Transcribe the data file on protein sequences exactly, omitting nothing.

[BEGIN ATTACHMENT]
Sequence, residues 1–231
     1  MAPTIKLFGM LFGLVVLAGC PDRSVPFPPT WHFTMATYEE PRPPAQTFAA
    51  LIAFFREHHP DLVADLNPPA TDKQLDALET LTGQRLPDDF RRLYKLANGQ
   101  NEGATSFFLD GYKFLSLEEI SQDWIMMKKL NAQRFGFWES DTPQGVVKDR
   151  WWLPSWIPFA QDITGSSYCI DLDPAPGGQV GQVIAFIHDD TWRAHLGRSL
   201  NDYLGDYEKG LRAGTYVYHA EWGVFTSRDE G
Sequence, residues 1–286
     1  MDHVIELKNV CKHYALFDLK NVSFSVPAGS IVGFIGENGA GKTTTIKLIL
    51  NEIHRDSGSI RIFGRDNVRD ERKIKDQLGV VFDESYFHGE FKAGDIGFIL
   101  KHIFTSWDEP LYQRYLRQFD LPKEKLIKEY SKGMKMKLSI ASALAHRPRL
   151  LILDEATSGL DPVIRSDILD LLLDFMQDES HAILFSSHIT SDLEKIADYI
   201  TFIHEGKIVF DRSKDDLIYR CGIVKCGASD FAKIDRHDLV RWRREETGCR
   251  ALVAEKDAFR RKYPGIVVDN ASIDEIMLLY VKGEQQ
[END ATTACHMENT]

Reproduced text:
Sequence, residues 1–231
     1  MAPTIKLFGM LFGLVVLAGC PDRSVPFPPT WHFTMATYEE PRPPAQTFAA
    51  LIAFFREHHP DLVADLNPPA TDKQLDALET LTGQRLPDDF RRLYKLANGQ
   101  NEGATSFFLD GYKFLSLEEI SQDWIMMKKL NAQRFGFWES DTPQGVVKDR
   151  WWLPSWIPFA QDITGSSYCI DLDPAPGGQV GQVIAFIHDD TWRAHLGRSL
   201  NDYLGDYEKG LRAGTYVYHA EWGVFTSRDE G
Sequence, residues 1–286
     1  MDHVIELKNV CKHYALFDLK NVSFSVPAGS IVGFIGENGA GKTTTIKLIL
    51  NEIHRDSGSI RIFGRDNVRD ERKIKDQLGV VFDESYFHGE FKAGDIGFIL
   101  KHIFTSWDEP LYQRYLRQFD LPKEKLIKEY SKGMKMKLSI ASALAHRPRL
   151  LILDEATSGL DPVIRSDILD LLLDFMQDES HAILFSSHIT SDLEKIADYI
   201  TFIHEGKIVF DRSKDDLIYR CGIVKCGASD FAKIDRHDLV RWRREETGCR
   251  ALVAEKDAFR RKYPGIVVDN ASIDEIMLLY VKGEQQ